Bipolar Terminology: The Difference Between Bipolar I and Bipolar II
Sometimes I get so wrapped up in research, I forget some people are looking for some introductory information like the different between the types of bipolar disorder. Thanks to commenter on my GooglePlus feed, I was reminded of this fact and I decided to answer her question here so I could give her more detail.
Unfortunately, within bipolar terminology resides more bipolar terminology. But don’t be scared, I have information on most terms on my site and I shall try to walk gently into that good encyclopedia.
But let’s try to get rid of the terminology confusion: What is the difference between bipolar type I and bipolar type II?
Bipolar Disorder Type 1
Bipolar disorder type I was the first recognized form of bipolar disorder and truly personifies “manic depression.”
Manic depression was the old term for the disorder and in spite of the fact that the term “bipolar” has been around since the 1970s, you still see manic depression in a variety of places both for historical reasons and simply due to lack of up-to-date knowledge. In reality, manic depression and bipolar are the same thing.
Bipolar Disorder I
As the term manic depression implies, bipolar type I consists of two mood states: Depression and mania.
Depression is a low mood state and in bipolar disorder the diagnostic criteria for depression as the same as for major depressive disorder.
Bipolar I Depression:
- Has symptoms like lack of pleasure in previously enjoyed activities, weight and sleep changes, loss of energy and preoccupation with death or suicide
- Goes on for two weeks or more
- Can become psychotic
Bipolar type I also includes mania. Mania is a high mood state.
Bipolar I Mania:
- Has symptoms like delusions of grandeur, lack of sleeping and eating, racing ideas and speech, distractibility and high risk behaviors
- Lasts at least one week
- Can become psychotic
- “The mood disturbance is sufficient to cause impairment at work or danger to the patient or others.” – it tends to be life-threatening
Mixed moods, where evidence of mania and depression occur together, are currently considered part of bipolar type I (and not bipolar II) but will be included as part of bipolar type II in the next version of the Diagnostic and Statistical Manual of Mental Disorders (DSM).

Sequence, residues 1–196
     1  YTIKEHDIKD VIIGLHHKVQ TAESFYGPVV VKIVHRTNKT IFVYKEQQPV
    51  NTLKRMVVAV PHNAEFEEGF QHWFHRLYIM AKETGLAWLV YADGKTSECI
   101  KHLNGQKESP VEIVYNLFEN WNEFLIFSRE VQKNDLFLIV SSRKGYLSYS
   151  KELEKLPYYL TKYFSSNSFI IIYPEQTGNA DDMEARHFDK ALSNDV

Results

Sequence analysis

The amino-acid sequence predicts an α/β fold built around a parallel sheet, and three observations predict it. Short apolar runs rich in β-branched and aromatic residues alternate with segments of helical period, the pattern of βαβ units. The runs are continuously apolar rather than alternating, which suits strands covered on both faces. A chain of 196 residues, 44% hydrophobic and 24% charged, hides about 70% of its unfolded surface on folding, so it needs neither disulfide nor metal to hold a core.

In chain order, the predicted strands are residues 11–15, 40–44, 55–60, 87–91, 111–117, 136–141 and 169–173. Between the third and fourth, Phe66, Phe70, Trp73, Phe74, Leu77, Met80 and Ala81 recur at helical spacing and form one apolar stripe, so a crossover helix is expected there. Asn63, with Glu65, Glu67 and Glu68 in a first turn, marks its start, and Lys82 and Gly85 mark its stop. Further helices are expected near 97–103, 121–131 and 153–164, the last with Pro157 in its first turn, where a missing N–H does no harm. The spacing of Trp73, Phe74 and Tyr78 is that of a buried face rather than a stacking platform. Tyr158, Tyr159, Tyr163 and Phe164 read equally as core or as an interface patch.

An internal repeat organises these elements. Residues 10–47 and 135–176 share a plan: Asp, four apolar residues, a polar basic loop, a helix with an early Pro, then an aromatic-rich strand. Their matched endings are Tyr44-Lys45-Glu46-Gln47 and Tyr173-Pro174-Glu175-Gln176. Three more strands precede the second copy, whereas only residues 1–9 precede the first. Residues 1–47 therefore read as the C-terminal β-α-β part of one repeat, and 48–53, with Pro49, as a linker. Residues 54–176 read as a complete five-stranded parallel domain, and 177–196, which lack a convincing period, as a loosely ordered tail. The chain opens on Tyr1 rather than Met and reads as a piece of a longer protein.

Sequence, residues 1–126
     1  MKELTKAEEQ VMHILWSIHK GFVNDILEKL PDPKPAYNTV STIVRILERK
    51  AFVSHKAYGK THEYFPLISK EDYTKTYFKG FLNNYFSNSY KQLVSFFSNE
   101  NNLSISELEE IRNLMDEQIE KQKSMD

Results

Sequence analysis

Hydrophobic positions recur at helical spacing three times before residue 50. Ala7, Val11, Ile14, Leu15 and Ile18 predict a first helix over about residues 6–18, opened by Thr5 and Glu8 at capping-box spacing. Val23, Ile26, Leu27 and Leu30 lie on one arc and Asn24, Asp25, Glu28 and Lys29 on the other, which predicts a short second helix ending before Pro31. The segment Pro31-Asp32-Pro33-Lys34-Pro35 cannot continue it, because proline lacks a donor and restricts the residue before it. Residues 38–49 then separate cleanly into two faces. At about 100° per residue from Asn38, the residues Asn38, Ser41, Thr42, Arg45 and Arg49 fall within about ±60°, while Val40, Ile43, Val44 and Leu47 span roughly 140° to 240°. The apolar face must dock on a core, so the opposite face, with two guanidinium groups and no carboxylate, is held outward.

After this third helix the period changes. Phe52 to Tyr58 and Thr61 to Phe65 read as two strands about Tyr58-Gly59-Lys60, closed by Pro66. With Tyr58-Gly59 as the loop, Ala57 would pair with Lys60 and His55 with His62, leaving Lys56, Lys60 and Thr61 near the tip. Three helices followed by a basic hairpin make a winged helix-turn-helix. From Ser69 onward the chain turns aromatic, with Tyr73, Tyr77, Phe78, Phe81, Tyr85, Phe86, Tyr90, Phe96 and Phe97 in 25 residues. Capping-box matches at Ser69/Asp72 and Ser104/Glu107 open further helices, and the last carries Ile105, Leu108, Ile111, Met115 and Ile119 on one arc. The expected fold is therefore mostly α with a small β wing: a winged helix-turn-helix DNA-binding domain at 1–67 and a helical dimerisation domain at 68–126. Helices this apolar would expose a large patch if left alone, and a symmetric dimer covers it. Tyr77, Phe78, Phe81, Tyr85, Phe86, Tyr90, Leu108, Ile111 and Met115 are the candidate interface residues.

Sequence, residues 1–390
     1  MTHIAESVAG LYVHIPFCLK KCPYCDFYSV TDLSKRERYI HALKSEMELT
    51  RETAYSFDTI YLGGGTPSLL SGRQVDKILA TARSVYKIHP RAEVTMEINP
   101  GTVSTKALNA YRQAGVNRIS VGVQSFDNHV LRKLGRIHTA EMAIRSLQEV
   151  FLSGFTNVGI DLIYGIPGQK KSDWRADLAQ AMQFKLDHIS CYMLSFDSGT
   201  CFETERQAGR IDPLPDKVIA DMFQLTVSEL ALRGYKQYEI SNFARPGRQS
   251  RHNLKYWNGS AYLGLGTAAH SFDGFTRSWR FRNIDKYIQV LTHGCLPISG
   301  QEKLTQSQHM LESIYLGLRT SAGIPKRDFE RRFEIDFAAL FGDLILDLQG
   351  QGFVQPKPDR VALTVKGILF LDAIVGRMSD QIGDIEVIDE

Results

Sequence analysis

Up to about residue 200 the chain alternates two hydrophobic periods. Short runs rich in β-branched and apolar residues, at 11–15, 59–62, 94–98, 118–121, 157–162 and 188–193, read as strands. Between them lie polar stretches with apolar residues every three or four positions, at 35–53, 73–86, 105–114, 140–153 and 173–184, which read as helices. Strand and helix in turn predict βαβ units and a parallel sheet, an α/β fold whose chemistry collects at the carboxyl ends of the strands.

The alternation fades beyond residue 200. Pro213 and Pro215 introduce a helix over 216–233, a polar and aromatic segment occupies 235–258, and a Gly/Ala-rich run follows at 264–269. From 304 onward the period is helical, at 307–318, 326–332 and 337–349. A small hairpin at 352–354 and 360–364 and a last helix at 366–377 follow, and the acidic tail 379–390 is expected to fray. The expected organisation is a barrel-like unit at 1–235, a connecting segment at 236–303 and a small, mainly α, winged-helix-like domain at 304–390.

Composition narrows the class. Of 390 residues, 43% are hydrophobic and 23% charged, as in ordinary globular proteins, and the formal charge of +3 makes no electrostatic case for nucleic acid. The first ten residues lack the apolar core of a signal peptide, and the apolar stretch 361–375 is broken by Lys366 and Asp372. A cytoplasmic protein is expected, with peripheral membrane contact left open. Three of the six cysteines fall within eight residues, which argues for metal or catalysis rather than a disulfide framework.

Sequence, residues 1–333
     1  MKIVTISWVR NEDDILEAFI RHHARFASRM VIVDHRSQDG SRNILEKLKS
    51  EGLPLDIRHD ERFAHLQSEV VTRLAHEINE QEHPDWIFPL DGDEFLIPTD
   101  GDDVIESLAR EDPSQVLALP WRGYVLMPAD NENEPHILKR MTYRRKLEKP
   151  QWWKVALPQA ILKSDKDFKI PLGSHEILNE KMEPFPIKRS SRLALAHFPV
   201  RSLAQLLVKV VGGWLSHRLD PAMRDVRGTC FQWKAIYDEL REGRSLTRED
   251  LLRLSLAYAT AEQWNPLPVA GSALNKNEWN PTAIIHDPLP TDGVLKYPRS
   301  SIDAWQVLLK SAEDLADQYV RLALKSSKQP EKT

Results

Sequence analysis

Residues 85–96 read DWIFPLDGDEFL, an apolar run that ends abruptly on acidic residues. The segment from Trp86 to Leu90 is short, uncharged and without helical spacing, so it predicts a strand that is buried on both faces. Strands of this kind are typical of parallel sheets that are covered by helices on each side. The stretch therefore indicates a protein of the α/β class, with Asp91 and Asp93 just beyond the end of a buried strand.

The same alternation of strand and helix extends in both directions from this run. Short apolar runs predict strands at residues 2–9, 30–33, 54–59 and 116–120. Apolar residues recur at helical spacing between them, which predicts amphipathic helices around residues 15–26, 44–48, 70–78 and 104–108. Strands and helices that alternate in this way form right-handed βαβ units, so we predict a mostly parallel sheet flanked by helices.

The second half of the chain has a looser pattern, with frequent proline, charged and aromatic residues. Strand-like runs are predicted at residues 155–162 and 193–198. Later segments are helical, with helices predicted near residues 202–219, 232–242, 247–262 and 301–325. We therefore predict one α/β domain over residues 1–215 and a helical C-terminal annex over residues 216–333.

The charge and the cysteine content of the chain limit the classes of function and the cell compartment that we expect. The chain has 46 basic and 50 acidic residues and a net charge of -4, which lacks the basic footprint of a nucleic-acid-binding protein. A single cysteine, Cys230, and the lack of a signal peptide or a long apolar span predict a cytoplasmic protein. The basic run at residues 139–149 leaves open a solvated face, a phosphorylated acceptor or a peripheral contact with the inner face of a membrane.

Bipolar Disorder Type 2
Bipolar disorder type II was actually recognized very early on as well but wasn’t initially included as a mental illness diagnosis. In bipolar II, a person experiences the same depression as in major depressive disorder but they experience hypomanias – literally “lesser” manias – elevated moods that aren’t as high as manias.
Bipolar II Depression
Bipolar II depression is identical to bipolar I depression and major depressive disorder and is diagnosed in the same way.
Bipolar II Hypomania:
Has the same diagnostic criteria as mania except:
- Lasts four or more days
- Does not cause life threatening consequences
- Does not contain psychosis
Cyclothymia is a mild form of bipolar disorder where a person mood swings over a period of years that go from mild depression to elevated mood and excitement.
Bipolar moods last the minimum duration as noted above, but can last for weeks or months beyond that. There may be periods of “normal” mood in between mood swings.
Note that there are rapid-cycling versions of bipolar disorder where moods last shorter periods of time (sometimes only hours) but these are not officially represented in this version of the DSM.
More Questions About Bipolar Disorder?
About Natasha Tracy
Natasha Tracy is an award-winning writer, speaker and consultant from the Pacific Northwest. She has been living with bipolar disorder for 18 years and has written more than 1000 articles on the subject.